Gambian musician Sunton Susso put his inspirational fingers on his African wooden musical instrument, the kora, to give a musical illustration to the poetry of Kurdish poet Sara Omar during the two artists’ performance in Nottingham, the city hosting the ten-day World Event Young Artists festival showcasing 1,000 artists from 100 nations from 7-16 September.
Twenty-six-year old Sara Omar, who spent her childhood in both Denmark and the Middle East (Iraqi-Kurdistan & Syria), says her poems reflect her personal life and puts the spotlight on societies’ social and political ills such as corruption, war, abuse, rape, women oppression, forced marriage, and violence.
“I have been through a lot in my life. I have been in war, I have been living in different places, felt homeless…and it’s about my life actually. So if you read my poetry you will have a clear image about how I have been living.”
Omar is also a volunteer activist in women's rights organisations, and through her poetry, tries to give a voice to women in the Middle East.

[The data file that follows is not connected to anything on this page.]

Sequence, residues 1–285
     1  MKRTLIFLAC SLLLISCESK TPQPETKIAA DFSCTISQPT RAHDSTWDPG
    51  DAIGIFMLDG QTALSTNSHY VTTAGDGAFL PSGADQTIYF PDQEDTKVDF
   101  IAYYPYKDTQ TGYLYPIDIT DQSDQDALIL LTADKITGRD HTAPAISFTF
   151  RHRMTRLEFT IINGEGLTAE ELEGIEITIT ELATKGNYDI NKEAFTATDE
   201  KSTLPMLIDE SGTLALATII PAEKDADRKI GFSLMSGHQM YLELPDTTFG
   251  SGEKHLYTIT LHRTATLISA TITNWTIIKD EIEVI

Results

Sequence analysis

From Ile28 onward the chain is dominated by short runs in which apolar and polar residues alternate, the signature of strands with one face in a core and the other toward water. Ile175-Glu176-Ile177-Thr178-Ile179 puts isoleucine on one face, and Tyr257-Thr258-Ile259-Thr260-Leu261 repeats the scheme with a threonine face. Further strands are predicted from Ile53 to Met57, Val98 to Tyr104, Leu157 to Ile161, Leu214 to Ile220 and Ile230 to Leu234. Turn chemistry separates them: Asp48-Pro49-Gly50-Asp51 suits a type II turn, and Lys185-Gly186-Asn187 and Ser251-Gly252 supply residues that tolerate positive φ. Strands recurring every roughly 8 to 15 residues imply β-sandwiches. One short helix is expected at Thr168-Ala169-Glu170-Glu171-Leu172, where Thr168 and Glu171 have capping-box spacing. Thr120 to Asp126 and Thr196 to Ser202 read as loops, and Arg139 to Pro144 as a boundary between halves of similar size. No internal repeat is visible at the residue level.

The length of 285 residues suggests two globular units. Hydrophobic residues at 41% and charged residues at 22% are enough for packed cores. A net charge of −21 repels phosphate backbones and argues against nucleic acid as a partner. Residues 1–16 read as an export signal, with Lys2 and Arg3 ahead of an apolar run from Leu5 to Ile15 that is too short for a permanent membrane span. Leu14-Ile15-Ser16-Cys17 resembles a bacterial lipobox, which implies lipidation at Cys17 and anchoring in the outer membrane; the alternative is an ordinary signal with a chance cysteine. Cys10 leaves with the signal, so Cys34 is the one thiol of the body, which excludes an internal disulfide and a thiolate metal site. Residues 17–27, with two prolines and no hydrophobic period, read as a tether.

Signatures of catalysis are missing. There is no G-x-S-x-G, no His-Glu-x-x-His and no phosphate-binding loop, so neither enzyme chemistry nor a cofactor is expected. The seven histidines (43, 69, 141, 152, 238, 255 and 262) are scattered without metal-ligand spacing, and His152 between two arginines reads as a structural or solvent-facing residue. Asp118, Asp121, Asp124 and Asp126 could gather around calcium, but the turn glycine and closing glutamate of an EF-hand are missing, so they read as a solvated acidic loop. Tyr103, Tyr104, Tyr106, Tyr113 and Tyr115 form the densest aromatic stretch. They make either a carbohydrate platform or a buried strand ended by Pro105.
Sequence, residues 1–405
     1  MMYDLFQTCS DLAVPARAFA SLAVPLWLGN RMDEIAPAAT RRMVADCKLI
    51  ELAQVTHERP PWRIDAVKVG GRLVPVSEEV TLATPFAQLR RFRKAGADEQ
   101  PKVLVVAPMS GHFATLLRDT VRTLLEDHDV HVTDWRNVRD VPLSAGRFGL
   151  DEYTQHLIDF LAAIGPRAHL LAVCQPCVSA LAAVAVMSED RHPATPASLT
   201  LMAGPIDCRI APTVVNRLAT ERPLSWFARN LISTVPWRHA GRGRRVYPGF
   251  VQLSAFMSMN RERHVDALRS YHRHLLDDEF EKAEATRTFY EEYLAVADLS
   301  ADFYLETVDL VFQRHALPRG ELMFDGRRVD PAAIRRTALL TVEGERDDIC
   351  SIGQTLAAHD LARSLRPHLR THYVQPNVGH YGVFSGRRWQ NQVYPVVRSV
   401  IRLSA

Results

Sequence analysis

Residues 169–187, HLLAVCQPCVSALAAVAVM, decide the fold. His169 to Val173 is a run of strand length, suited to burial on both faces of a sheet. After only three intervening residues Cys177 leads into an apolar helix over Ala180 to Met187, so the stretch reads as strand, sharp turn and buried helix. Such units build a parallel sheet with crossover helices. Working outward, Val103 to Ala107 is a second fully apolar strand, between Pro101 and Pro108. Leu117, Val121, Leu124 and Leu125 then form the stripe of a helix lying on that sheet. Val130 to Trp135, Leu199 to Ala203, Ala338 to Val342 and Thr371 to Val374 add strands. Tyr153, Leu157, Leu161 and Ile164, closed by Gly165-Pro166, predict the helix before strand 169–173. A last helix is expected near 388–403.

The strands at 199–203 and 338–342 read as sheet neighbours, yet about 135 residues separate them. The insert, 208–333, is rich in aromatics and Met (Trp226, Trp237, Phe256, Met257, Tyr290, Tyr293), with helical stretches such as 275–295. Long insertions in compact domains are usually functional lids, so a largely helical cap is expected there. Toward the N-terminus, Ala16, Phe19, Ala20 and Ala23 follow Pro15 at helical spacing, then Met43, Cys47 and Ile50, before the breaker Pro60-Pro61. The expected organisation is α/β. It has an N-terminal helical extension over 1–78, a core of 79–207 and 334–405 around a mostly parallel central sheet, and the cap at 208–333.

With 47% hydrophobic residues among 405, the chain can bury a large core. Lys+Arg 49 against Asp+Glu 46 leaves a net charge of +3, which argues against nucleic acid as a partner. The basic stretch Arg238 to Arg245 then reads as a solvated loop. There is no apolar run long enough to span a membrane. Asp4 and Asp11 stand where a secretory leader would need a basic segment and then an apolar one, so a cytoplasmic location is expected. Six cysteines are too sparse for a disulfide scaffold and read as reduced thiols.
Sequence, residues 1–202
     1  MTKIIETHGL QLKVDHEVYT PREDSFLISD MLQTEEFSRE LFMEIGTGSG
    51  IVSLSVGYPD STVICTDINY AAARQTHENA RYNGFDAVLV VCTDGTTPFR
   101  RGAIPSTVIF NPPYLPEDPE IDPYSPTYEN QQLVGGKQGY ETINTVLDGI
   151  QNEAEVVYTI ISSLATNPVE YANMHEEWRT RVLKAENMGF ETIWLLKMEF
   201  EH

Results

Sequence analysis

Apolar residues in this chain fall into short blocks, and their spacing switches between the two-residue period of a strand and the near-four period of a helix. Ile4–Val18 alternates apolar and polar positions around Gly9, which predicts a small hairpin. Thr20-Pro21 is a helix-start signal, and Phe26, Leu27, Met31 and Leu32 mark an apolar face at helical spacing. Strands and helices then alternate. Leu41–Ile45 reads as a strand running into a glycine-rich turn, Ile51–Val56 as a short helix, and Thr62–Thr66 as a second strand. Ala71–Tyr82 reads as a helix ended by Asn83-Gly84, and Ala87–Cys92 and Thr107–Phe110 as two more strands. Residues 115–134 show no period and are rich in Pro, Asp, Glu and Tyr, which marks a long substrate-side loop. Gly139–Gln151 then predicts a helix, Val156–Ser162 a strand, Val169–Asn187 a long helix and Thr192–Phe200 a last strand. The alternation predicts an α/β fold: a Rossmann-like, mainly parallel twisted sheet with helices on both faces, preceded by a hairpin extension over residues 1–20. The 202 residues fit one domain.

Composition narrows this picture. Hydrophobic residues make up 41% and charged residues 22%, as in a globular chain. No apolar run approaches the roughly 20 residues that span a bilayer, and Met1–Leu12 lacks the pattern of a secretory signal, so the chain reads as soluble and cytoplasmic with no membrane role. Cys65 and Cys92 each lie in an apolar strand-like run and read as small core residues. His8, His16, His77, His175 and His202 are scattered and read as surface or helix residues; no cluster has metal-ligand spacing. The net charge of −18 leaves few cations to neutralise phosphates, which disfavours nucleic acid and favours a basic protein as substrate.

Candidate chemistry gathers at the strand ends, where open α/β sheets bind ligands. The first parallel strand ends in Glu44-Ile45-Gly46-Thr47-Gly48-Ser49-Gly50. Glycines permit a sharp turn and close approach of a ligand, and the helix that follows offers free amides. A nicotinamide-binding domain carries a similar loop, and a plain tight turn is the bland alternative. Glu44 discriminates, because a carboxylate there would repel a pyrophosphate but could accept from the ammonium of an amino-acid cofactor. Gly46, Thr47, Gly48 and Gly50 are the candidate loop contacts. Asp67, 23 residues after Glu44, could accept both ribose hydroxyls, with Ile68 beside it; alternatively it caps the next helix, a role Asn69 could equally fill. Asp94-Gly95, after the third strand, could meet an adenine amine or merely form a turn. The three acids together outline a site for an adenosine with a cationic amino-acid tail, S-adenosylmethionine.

“I am trying to give the power back to Middle Eastern women, just to come up and say yes we are here and we can, and no one can stop us,” Omar added.
Omar’s poetry was illustrated through the rhythm of the music of the kora - a West African instrument with twenty-one strings, combining features of the harp and the lute.
“Basically, I am from West Africa, Gambia, a country called Gambia. All the family play Cora, all the family is musician, they are all musicians. They are good family so I learnt kora when I was like five years. So I grew up there and then I studied in school,” explained Sunton Susso who performed side by side with Omar.
Susso explains how Omar’s words and his music create that powerful artistic fusion.
“It's like… it gives me a lot of feelings, it gives me a lot of feelings because she is like talking and I am playing. When she’s talking, when I am playing, I just feel very very big feeling happen,” he added.
And for Omar, African music and her poetry are the perfect combination.
“African music is so beautiful, you find a harmony in the music and you just feel it and you can express yourself through the music. So when I am reading my poetry and having this kind of music in the background, I am just not there…I am there, but I am just not there, I am on my own world and it gives me a kind of peace,” said Omar.
Nottingham’s World Event Young Artists showcases a selection of other international talents, also featuring short films, photography, illustration, musical performances and poetry.
The ten-day festival which ends Sunday, was hosted by UK Young Artists and supported by the Arts Council England, Cultural Olympiad East Midlands, Nottingham Trent University and Nottingham City Council.